Net Neutrality has to do with contracts between content providers and service providers. The reason this area is getting so muddy, is because as I explained several pages ago, the service providers have in recent years been building their own competing content platforms. As a result, without NN, the service providers can work their way into the middle of every connection between a content provider and a customer and modify the user experience outside the scope of the contracts those parties signed and pay for. They can then do this, to promote their own competing service.

To use my road analogy again. Lets say I want to buy a car, I'm a big fan of Fords so I goto the Ford dealership and purchase something. Lets say the city doesn't like this though, because the mayor owns the local Nissan dealership, and wants to promote his car. So he gets some laws changed, and legislates my Ford off the road after I buy it, so that I have to goto his dealership instead. That's what the ISP's are trying to pull here.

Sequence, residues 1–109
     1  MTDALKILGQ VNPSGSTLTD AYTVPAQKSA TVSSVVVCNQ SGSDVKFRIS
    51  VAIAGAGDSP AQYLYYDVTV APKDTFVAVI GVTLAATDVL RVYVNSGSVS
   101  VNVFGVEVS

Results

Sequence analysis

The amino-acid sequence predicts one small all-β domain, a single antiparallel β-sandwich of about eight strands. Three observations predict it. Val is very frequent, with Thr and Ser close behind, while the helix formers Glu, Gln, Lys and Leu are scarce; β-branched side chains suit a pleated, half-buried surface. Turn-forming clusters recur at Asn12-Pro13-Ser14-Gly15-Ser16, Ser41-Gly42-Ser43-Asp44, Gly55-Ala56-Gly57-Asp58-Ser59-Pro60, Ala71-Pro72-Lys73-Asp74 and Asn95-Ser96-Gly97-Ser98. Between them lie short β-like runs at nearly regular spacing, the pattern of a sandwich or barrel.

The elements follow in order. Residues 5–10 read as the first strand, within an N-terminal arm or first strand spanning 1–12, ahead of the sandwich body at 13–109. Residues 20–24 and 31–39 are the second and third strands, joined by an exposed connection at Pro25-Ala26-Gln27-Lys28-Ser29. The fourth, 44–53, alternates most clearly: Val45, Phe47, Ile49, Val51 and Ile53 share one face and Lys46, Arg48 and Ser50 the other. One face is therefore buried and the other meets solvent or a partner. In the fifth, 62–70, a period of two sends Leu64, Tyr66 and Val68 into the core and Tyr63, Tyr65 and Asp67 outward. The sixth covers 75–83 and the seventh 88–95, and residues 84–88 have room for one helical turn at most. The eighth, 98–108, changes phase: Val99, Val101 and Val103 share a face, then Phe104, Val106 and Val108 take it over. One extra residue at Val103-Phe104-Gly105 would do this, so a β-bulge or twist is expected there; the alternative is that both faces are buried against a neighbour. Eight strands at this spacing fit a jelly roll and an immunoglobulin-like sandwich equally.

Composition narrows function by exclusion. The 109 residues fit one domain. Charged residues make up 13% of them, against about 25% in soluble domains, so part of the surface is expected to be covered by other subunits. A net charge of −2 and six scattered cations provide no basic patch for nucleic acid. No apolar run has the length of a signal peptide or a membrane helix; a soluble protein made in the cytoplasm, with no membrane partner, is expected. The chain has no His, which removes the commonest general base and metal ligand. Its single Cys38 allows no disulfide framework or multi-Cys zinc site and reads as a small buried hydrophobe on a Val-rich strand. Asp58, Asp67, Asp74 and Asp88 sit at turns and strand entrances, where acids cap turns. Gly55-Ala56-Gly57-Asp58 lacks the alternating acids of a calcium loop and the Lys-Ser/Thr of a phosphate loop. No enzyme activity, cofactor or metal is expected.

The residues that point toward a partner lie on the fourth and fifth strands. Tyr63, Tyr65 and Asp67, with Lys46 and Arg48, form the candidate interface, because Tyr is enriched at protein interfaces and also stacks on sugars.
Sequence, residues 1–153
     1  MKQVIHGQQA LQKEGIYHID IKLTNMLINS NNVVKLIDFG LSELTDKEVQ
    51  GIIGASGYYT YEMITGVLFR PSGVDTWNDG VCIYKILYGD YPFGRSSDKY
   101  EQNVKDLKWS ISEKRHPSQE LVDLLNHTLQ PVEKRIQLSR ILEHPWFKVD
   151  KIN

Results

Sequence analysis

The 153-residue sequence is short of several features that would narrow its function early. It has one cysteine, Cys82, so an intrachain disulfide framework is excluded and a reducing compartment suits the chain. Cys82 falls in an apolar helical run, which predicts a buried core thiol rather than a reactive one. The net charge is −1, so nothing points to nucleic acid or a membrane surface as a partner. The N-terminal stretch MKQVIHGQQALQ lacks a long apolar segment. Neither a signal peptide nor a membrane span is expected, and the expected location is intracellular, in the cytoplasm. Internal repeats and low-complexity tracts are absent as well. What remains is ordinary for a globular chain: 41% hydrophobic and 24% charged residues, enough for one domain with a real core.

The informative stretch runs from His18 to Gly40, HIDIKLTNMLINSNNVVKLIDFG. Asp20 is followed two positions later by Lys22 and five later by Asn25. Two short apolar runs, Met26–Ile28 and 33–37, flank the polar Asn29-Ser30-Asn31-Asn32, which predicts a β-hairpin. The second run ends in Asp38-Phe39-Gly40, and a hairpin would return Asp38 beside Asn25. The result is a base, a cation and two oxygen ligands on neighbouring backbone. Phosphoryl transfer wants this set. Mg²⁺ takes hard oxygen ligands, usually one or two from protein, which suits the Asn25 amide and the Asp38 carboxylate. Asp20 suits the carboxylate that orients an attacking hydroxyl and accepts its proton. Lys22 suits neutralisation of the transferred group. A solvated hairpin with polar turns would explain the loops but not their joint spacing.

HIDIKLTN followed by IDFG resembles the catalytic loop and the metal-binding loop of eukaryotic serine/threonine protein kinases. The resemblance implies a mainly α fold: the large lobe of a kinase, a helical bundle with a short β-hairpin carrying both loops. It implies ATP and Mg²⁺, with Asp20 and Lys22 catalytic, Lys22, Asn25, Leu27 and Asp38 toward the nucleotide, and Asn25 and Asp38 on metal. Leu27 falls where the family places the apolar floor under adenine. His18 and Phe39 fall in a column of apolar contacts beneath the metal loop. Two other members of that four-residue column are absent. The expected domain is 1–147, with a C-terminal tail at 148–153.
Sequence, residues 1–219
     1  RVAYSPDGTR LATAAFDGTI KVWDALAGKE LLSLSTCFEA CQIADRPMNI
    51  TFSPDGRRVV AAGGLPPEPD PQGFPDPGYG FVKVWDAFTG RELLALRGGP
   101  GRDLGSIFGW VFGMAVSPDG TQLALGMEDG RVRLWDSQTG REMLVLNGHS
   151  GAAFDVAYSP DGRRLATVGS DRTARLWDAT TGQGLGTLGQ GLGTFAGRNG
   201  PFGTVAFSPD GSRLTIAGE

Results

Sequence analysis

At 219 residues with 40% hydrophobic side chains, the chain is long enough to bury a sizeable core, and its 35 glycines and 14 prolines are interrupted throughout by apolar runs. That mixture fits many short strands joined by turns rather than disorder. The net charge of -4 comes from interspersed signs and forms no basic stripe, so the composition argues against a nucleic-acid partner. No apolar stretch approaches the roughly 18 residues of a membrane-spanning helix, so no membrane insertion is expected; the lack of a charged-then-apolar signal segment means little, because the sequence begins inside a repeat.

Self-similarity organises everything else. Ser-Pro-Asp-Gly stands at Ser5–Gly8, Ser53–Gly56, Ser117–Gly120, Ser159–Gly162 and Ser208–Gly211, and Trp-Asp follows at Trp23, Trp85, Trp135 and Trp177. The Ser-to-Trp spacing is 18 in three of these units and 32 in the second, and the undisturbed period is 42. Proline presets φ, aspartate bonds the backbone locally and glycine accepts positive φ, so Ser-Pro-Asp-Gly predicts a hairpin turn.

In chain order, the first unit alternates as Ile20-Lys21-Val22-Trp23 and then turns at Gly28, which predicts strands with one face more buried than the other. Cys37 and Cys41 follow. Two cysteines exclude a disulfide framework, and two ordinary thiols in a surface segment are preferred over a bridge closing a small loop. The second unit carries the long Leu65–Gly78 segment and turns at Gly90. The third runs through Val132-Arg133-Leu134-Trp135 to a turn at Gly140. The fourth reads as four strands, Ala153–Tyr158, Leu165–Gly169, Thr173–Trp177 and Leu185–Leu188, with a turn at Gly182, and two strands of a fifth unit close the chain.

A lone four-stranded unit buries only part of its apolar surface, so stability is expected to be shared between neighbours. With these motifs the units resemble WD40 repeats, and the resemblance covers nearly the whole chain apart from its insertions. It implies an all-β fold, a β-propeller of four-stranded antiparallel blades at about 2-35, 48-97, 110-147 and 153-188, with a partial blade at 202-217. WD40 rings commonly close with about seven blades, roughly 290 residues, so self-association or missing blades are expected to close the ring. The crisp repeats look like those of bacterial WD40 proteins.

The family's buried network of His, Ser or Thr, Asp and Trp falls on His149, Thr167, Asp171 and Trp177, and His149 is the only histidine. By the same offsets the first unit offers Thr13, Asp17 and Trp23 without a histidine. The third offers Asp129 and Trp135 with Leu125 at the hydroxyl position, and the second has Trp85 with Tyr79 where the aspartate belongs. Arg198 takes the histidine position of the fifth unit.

It's anti competitive, and furthermore, telecom's are too big these days, they no longer operate in the public interest. Not only should NN come back (with or without Title 2, that part isn't super important), but these companies need to be broken up along content provider vs service provider lines.



posted on Dec, 19 2017 @ 10:40 AM
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originally posted by: nwtrucker

originally posted by: DJW001
a reply to: nwtrucker

No. It did not give control of the internet to the UN. Where do you get your information? InfoWars?